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Integral World: Exploring Theories of Everything
An independent forum for a critical discussion of the integral philosophy of Ken Wilber
Elliot BenjaminElliot Benjamin is a philosopher, mathematician, musician, counselor, writer, with Ph.Ds in mathematics and psychology and the author of over 230 published articles in the fields of humanistic and transpersonal psychology, pure mathematics, mathematics education, spirituality & the awareness of cult dangers, art & mental disturbance, and progressive politics. He has also written a number of self-published books, such as: The Creative Artist, Mental Disturbance, and Mental Health. See also:




Elliot Benjamin

In Geoffrey Falk's recent Integral World essay The Salmon of Belief: Comments on the Status of Psi Research [1], he offers his usual knowledgeable, witty, skeptical, and highly internet informed perspective of the fallacy of mystical and/or psychic claims. Falk's essay is in response to Don Salmon and Jan Maslow's Integral World article The Challenge of Writing About Sri Aurobindo's Integral Psychology [2].

I must say that I have always found Falk's informative writings to be extremely stimulating, valuable, and often amusing, in spite of his frequent sarcastic detrimental statements about writers he does not approve of, including myself (see the Benjamin/Falk Integral World dialogue of articles following my 2006 article On Ken Wilber's Integral Institute: An Experiential Analysis [3]). I believe that Falk offers a crucial skeptical perspective in the quest for scientific truth, one that cannot be ignored, and it is in this context that I wish to point out some quotes which I find perplexing and interesting, in Falk's own style of responding to a writer's exact words. I welcome the opportunity to learn more, but I do request that if Falk decides to respond publicly to my present comment article, that he do so in a professional scholarly manner that does not include personal attacks on my previous philosophical writings, and that he focus upon the present quotes which I am referring to.

In Falk's usual witty and irreverent style he makes it quite clear that he does not place any stock in the writings of Dean Radin, author of the highly popular book: The Conscious Universe [4]), and that he has much respect for the writings of well known psi critic Ray Hyman [5]. Here are Falk's words in regard to Radin and Hyman:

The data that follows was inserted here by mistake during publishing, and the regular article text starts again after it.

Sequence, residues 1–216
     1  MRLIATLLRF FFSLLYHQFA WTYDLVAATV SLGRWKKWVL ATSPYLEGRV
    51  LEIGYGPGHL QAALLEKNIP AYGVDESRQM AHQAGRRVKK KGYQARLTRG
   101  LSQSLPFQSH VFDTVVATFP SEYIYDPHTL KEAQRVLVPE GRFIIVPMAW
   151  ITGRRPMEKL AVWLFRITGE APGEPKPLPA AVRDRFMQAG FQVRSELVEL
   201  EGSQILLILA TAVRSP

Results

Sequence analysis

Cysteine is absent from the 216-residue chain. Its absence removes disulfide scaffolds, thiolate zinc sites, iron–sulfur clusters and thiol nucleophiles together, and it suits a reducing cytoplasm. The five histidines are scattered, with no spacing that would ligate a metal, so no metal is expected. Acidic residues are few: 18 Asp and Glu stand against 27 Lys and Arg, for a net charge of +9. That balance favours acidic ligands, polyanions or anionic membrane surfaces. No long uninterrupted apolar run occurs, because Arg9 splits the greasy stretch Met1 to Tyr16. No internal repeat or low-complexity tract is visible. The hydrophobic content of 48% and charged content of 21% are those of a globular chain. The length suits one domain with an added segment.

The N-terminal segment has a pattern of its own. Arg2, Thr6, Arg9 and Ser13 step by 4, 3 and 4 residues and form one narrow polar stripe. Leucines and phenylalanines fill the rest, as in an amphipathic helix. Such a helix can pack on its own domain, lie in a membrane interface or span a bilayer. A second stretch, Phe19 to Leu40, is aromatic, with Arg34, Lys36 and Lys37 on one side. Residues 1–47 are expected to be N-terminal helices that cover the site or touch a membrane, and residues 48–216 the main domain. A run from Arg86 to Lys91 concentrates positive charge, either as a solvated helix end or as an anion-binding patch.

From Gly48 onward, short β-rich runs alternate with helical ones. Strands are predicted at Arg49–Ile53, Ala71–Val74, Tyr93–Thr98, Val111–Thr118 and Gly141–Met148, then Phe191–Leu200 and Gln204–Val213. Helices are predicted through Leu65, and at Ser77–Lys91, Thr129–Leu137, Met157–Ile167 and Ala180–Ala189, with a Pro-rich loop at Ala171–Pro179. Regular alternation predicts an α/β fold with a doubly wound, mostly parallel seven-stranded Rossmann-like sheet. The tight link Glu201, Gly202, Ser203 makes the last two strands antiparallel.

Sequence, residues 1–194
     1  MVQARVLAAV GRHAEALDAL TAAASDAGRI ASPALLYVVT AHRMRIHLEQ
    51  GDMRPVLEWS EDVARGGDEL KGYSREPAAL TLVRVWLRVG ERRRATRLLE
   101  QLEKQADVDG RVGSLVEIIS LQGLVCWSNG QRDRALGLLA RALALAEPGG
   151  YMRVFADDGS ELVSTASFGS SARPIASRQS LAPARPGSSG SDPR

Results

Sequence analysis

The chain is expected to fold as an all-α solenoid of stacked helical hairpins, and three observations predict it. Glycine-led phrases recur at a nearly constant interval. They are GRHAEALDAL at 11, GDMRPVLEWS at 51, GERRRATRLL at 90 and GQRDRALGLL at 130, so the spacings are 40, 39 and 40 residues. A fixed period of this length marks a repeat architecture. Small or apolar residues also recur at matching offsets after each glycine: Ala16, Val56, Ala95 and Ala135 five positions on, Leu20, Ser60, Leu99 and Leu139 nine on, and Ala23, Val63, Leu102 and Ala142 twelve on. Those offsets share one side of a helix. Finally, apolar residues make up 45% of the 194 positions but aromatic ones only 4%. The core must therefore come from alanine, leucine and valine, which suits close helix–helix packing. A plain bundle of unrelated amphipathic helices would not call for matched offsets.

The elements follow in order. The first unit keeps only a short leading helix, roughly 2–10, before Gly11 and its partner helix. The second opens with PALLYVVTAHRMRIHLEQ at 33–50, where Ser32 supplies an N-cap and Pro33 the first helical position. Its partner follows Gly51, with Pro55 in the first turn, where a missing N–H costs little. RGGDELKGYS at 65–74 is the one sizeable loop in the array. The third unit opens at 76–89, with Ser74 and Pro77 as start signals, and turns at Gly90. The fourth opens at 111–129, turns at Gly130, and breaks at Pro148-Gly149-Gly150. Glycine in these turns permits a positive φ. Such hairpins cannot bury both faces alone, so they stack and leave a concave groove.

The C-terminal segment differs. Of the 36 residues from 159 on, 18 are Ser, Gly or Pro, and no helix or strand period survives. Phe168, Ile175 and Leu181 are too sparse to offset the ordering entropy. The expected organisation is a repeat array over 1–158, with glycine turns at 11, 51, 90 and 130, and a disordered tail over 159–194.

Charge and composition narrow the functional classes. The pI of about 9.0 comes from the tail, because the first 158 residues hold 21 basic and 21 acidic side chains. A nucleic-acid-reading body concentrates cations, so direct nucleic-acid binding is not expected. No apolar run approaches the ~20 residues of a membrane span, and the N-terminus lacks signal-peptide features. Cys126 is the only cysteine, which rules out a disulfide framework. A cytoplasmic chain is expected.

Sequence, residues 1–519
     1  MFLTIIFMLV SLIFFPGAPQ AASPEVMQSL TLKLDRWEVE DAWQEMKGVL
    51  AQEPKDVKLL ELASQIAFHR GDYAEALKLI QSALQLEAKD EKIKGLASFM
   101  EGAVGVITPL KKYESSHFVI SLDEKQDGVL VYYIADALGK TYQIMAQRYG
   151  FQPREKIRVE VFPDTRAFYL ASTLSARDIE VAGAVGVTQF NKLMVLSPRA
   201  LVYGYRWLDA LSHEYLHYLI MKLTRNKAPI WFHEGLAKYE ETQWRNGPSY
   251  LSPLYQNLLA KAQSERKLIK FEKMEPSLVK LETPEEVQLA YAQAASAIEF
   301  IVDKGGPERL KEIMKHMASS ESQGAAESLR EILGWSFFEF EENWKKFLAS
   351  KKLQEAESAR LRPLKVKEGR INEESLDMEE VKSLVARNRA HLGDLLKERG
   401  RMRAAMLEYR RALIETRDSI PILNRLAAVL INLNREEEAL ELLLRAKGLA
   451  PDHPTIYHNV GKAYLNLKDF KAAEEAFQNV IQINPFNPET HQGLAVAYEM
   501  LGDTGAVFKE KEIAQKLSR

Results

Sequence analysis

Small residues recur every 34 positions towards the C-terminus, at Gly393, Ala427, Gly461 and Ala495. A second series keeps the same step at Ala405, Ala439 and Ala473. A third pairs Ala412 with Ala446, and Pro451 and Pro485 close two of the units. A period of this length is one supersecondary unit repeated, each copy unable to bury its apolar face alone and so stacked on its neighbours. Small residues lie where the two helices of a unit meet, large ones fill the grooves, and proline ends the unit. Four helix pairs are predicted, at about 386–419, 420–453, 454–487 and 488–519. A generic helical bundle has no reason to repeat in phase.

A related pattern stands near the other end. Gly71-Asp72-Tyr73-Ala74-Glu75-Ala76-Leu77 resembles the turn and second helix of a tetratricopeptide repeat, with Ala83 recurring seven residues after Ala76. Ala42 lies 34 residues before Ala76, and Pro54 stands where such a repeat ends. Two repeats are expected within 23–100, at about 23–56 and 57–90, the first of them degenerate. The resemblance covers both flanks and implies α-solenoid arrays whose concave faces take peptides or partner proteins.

“Whenever you find people quoting Dean Radin or the work of PEAR in a positive way, you don't actually even need to read any further to know that you're dealing with ones who can't tell shit from Shinola. (You can hardly go too far wrong in quoting Ray Hyman, so no points at all to them for getting that much right).“

What I find perplexing is that in Radin's book The Conscious Universe, in spite of Falk's disapproval of Radin's portrayal of the efficacy of psi research, there is a quote presented from an article of Ray Hyman, along with a quote from a fellow reviewer of psi research, Jessica Utts, both of which are also reproduced in the Salmon & Maslow article.

The Hyman quote pertains to the 1996 American Institute for Research study of formerly classified government supported psi research for the CIA at the request of the U.S. Congress. Here is the initial quote by Utts:

“The statistical results of the studies examined are far beyond what is expected by chance. Arguments that these results could be due to methodological flaws in the experiments are soundly refuted. Effects of similar magnitude to those in government-sponsored research...have been replicated at a number of laboratories across the world. Such consistency cannot be readily explained by claims of flaws or fraud...It is recommended that future experiments focus on understanding how this phenomenon works, and on how to make it as useful as possible. There is little benefit to continuing experiments designed to offer proof" ([4], [6]).